Rivaroxaban: an oral, factor Xa inhibitor

Rivaroxaban is an oral, direct factor Xa inhibitor that is approved in several countries for the prevention of venous thromboembolism (VTE) after orthopedic surgery. It is currently being evaluated by the FDA for this indication. Based on the findings of the EINSTEIN study, it appears the drug is also effective for the treatment of acute deep vein thrombosis (DVT). EINSTEIN consists of three randomized trials of rivaroxaban, one for the treatment of acute DVT, one for treatment of acute pulmonary embolism, and one for continued, long-term treatment in patients who have received treatment for acute DVT or pulmonary emboli. The results of the first and third wings of the study were recently reported in the New England Journal of Medicine.

In the DVT treatment arm, 3449 patients with acute DVT were randomized to rivaroxaban (50 mg twice daily for 3 weeks, followed by 20 mg once daily) or subcutaneous enoxaparin followed by a vitamin K antagonist (either warfarin or acenocoumarol) for 3, 6, or 12 months. In the continued treatment wing of the study, patients were randomized in a double-blind fashion to rivaroxaban 20 mg once daily or placebo for additional 6 or 12 months after completion of 6-12 months of treatment for VTE. The primary outcome for both studies was recurrent DVT. For the treatment of acute DVT, rivaroxaban was non-inferior to enoxaparin-vitamin K antagonist (hazard ratio [HR], 0.68; 95% confidence interval [CI], 0.44-1.04; P < 0.001). In the continued treatment study, rivaroxaban had superior efficacy compared to placebo (8 events [1.3%] vs 42 events [7.1%] with placebo; HR 0.18; 95% CI, 0.09-0.39; P < 0.001). There were four patients in the rivaroxaban group with non-fatal major bleeding vs none in the placebo group. The EINSTEIN authors concluded that "Rivaroxaban offers a simple, single-drug approach to the short-term and continued treatment of venous thrombosis that may improve the benefit-to-risk profile of anticoagulation" (N Engl J Med 2010;363:2499-2510).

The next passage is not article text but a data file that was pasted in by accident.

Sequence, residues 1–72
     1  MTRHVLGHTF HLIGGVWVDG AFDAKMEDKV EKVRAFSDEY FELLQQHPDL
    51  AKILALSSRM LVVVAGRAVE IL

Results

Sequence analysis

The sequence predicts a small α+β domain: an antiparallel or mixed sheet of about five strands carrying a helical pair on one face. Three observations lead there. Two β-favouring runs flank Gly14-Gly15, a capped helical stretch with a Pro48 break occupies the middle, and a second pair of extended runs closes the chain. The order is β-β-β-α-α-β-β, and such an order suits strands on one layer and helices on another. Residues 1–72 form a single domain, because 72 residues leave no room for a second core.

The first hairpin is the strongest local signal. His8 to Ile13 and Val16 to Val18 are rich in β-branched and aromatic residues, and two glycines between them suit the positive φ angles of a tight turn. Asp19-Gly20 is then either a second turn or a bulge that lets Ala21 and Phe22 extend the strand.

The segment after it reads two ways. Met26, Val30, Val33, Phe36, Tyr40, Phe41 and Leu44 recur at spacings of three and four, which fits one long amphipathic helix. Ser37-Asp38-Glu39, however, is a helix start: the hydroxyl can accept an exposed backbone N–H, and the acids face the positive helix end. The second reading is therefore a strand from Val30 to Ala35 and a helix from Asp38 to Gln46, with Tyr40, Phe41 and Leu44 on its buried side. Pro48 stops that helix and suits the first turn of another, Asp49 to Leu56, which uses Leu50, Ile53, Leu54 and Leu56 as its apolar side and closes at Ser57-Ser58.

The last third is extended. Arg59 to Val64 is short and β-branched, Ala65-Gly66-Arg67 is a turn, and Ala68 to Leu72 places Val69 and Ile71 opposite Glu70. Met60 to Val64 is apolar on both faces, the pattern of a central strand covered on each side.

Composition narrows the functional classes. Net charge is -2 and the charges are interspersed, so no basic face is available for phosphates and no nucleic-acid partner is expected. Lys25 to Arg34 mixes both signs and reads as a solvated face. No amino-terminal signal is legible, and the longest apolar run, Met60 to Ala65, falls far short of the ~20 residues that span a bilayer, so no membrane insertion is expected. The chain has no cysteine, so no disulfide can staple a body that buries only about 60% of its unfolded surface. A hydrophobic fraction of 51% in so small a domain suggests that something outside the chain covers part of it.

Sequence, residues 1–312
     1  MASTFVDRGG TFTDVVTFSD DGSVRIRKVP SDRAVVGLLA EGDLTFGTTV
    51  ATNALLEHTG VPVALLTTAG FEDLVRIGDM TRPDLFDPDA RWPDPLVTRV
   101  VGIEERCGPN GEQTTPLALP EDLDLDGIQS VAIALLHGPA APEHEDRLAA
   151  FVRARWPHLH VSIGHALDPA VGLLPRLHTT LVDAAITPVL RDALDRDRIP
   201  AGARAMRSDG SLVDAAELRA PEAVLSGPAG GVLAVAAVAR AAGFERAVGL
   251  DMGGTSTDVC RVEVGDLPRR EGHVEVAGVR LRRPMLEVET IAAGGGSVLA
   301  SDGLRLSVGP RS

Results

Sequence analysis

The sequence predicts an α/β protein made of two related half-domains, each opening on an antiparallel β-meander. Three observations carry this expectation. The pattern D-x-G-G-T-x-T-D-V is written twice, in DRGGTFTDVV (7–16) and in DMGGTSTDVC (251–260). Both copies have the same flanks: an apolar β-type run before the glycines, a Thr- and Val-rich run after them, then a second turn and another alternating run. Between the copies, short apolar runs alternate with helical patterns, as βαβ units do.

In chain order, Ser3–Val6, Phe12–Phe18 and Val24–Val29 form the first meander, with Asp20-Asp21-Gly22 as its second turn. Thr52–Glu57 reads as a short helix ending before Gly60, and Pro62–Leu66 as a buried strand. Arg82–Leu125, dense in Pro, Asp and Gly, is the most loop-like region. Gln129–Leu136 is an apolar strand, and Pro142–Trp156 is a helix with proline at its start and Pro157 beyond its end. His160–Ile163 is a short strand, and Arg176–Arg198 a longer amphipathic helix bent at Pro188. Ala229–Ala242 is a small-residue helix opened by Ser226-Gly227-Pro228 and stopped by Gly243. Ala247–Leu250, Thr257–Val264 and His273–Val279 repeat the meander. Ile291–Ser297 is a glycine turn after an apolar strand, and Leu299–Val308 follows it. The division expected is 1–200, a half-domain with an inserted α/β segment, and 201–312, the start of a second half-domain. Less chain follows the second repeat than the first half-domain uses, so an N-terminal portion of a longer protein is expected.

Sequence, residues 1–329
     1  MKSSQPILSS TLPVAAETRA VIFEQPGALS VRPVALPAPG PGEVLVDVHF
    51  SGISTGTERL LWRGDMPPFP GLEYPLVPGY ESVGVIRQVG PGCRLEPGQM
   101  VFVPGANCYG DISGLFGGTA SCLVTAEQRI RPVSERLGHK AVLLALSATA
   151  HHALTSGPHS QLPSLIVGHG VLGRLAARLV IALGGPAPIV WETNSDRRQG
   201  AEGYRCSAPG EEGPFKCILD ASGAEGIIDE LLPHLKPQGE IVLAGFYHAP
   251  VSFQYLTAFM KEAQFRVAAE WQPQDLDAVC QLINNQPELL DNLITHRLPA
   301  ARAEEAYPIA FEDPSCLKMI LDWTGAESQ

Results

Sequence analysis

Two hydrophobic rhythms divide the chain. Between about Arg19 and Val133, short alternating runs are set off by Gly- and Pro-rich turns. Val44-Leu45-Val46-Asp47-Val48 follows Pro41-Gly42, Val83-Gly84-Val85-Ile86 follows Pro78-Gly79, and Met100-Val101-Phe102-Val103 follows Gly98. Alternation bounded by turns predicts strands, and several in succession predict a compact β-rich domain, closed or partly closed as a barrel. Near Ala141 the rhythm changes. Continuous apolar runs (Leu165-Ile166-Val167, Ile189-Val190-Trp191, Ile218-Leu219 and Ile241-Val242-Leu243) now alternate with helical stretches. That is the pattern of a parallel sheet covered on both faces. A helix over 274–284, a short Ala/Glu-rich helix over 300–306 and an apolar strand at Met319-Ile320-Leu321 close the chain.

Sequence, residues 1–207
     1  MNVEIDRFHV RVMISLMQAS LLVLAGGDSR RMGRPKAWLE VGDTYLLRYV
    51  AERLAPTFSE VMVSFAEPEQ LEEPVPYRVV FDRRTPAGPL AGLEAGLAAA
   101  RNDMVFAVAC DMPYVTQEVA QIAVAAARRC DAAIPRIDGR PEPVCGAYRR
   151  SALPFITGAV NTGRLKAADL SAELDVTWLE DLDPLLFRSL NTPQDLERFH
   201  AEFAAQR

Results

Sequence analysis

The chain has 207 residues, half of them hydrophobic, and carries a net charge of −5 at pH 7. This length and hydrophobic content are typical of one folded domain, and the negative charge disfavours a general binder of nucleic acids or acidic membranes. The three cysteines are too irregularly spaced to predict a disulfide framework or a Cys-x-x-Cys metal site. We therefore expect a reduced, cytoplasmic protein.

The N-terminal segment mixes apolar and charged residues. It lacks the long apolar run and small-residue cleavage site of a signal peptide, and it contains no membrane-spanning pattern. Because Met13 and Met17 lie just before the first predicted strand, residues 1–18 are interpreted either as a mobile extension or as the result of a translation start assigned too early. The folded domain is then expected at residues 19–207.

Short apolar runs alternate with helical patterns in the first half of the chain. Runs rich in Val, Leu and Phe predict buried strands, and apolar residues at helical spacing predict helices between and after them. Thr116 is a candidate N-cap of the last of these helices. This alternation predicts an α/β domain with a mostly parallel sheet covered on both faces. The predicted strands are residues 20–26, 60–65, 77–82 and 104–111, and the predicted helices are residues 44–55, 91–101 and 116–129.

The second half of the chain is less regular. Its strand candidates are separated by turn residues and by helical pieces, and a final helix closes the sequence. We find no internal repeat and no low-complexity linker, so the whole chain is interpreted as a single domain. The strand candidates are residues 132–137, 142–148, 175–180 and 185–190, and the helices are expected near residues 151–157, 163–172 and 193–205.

Rivaroxaban is also being evaluated for the prevention of stroke in patients with nonvalvular atrial fibrillation based on the ROCKET AF study, which was presented at the American Heart Association meetings in November 2010. If approved, it will join the recently approved direct thrombin inhibitor dabigatran (Pradaxa®) for this indication. Both drugs have the advantage over warfarin of not requiring ongoing lab monitoring.